In addition, Stonicher advises radiology departments to have an adequate supply of x-ray film and cassettes, as well as a working developer and processor. "If you can take an x-ray and develop it, you're back to basics and you build from there," he added. "We make sure if we are cut off for five days, then we can operate for five days, have the contrast media in place, the backup cassettes for CR and consolidate everything in the inside core of the hospital."

Be prepared

If an ounce of prevention -- or in the case of Katrina, preparation -- is worth a pound of cure, then St. Tammany Parish Hospital showed great foresight. The 51-year-old medical campus in Covington, LA, underwent building renovations and IT upgrades in recent years to weather severe storms. For example, the 223-bed hospital in 2002 installed windows that can withstand a Category 3 storm.

"Part of the reason we fared well was proper planning," said chief operating officer Sharon Toups. "We have two diesel generators that are both 1,500 kilowatts. We ran on generator power for five days. We are able with our generator power to run all of our major equipment -- elevators, CT, MRI, and air conditioning." One generator is sufficient to run St. Tammany's operating room and the services mentioned above.

With sustained electrical power, St. Tammany's clinical information system remained online, allowing clinicians to access medication schedules and print medication lists. The PACS also was up and running, feeding images into the clinical information system, and St. Tammany's CT and MRI also were operational, allowing the facility to accept patients from surrounding areas after the storm. "We did see transfers from other areas, because our radiologic equipment was the only (equipment) operating," added St. Tammany chief information officer Patti Ellish.

St. Tammany's PACS connects its seven-facility network, but it took power restoration to the other six locations for those providers to regain PACS access.

During Katrina, St. Tammany was home to some 300 staff members and their families. The patient census was less than 100 people, compared to some 220 patients on a normal day. Many patients also had a family member at St. Tammany during the storm, bringing the number of people in the building to approximately 1,000.

One of St. Tammany's priorities since Katrina has been to upgrade its external communication capabilities. The hospital has since added two satellite antennas that can be removed during a severe storm and reinstalled after the storm passes to resume Internet access and other external communication with the community.

EMR benefits

New Orleans-based Hematology and Oncology Specialists (HOS) had extensive damage at three of its 13 facilities, and the three remain closed today.

2006 08 28 16 31 01 706
Above and below, Hematology and Oncology Specialists' billing and administrative offices with broken windows and collapsed ceiling from Hurricane Katrina. Images courtesy of Hematology and Oncology Specialists.
2006 08 28 16 31 26 706

On the Saturday before Katrina hit the Gulf Coast, HOS chief information officer Karlie Hull and her IT staff secured its servers, locked the facility, and took its disaster kit offsite. The next day, the team evacuated New Orleans, expecting to return in a couple of days. Instead, the city's levees broke the day after Katrina hit land, flooding the city. That was when Hull and her colleagues started to work remotely on the Web servers to rebuild HOS' IT system, knowing it would be a while before they could head home.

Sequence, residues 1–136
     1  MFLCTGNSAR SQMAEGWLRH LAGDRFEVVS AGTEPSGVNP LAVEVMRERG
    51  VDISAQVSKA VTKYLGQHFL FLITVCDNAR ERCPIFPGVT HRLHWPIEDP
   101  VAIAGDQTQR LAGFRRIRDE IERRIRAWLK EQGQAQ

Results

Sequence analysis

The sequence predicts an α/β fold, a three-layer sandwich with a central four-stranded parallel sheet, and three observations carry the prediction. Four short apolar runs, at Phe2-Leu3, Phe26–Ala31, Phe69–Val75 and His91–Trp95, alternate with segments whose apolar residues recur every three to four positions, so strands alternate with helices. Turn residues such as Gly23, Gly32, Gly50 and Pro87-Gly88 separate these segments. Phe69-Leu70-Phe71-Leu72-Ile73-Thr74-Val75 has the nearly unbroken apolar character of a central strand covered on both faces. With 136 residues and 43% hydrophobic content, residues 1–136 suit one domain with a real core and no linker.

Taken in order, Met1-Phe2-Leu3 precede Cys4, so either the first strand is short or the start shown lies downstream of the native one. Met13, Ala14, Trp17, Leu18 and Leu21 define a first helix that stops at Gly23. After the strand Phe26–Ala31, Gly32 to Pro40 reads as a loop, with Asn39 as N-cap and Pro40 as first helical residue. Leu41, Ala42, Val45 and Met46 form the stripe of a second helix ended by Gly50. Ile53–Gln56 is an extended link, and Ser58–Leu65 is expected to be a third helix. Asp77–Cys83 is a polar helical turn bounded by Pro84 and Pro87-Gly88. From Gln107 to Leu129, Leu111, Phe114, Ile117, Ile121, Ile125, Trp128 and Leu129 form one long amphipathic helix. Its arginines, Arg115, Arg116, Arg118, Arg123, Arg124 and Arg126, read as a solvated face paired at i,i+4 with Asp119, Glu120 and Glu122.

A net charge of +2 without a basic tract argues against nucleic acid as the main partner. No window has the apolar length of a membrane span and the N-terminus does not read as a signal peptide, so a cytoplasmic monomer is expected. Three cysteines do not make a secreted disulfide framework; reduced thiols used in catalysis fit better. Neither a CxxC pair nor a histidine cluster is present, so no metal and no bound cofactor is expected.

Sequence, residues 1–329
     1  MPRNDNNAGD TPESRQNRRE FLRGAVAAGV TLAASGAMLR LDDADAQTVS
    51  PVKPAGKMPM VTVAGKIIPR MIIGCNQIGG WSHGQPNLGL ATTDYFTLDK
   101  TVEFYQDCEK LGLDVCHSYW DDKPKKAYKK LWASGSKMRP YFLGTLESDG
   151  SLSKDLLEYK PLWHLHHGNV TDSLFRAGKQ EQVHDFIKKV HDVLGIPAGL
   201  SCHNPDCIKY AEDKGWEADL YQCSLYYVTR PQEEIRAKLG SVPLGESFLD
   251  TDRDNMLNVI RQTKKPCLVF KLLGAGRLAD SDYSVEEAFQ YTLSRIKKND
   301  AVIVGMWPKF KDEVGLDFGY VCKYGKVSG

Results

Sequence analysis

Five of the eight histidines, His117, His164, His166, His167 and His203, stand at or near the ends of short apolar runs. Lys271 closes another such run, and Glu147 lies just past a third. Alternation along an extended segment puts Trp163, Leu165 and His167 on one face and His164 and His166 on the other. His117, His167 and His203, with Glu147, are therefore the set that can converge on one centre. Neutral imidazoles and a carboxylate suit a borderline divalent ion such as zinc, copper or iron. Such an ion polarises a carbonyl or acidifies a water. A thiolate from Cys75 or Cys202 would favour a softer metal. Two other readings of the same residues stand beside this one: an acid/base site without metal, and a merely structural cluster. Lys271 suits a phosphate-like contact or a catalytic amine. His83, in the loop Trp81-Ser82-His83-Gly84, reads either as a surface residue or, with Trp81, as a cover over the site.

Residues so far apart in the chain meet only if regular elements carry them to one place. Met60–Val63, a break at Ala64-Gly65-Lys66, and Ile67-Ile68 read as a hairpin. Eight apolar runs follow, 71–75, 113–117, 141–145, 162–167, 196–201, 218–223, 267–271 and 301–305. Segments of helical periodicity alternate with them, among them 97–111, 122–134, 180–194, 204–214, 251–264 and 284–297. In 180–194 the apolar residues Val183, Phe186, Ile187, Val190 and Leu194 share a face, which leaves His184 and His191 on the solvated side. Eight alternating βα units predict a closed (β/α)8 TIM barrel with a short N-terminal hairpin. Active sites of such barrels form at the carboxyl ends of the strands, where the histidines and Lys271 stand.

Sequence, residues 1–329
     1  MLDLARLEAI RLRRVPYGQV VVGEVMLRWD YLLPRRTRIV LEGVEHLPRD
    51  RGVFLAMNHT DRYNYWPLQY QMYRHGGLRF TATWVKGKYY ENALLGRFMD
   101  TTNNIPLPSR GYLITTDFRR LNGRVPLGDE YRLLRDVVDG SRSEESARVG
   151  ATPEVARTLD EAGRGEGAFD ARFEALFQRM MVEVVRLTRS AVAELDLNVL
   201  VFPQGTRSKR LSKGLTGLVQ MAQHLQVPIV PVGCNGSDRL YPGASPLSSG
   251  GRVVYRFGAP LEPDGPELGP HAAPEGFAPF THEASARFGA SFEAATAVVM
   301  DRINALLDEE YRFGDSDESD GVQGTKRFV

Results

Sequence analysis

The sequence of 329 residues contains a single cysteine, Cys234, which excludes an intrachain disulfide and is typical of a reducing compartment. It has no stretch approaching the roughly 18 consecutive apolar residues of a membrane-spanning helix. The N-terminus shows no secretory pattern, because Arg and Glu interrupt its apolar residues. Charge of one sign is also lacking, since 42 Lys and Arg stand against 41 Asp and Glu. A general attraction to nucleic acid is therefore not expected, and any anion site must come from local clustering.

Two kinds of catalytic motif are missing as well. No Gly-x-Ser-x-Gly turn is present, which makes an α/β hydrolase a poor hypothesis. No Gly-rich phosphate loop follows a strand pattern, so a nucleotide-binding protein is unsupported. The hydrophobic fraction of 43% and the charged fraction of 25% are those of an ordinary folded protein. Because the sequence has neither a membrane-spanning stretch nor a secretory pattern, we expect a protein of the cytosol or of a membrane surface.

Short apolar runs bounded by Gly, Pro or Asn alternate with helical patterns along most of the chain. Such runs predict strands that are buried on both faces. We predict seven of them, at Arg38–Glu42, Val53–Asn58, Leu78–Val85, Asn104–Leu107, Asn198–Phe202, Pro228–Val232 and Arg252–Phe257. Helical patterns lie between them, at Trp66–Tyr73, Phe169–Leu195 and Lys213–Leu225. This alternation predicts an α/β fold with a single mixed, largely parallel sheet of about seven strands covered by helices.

With the benefit of its EMR technology, Hull and her staff were able to restore access to patient records through a virtual private network (VPN) and password for medical staff to enter the site. By September 3, five days after the storm, HOS' billing and financial systems also were restored.

The IT team returned to an HOS facility in Covington, LA -- about 40 miles north of New Orleans on the opposite side of Lake Pontchartrain -- on September 12 and used that facility as its new base of operation. "We were able to reroute the network to make that our primary site," Hull said. "Our network was actually 60% up at all facilities by September 14."

Lessons learned

Healthcare providers learned many lessons the hard way with Hurricane Katrina. Among them is to be as self-sufficient as possible for as long as possible.

"The biggest lesson we learned is you can't depend on anyone else. We were five days out before we got any aid from anyone," said EJGH's Stonicher. "We never expect to go that long again, (because) everyone learned a lesson with Katrina, but that is what we are planning on for a Category 3 or above storm."

From Hull's point of view, the lesson is "expect things to go wrong, have strong leadership, and think on your feet. Practice, practice, practice your disaster plan through various scenarios." And, once a plan is in place, devise different scenarios that might include a biohazard or various weather conditions to see how those factors will alter the plan.

By Wayne Forrest
AuntMinnie.com staff writer
August 29, 2006

To read a related article on how Hurricane Katrina and the lack of patients have hurt Gulf Coast healthcare revenues, click here.

Satellite image of Hurricane Katrina approaching the Gulf Coast on August 28, 2005, courtesy of the National Oceanic and Atmospheric Administration (NOAA).

Related Reading

Mississippi group rebuilds practice with HIMSS EHR donation, July 27, 2006

Cardiac EMR implementation requires strategic planning, June 9, 2006

Disaster plan drives post-Katrina recovery for EMR-based group, May 23, 2006

Radiology rises to the occasion for Katrina survivors and victims, December 27, 2005

HHS partners for Gulf Coast recovery digital records, November 18, 2005

Copyright © 2006 AuntMinnie.com

Page 1 of 603
Next Page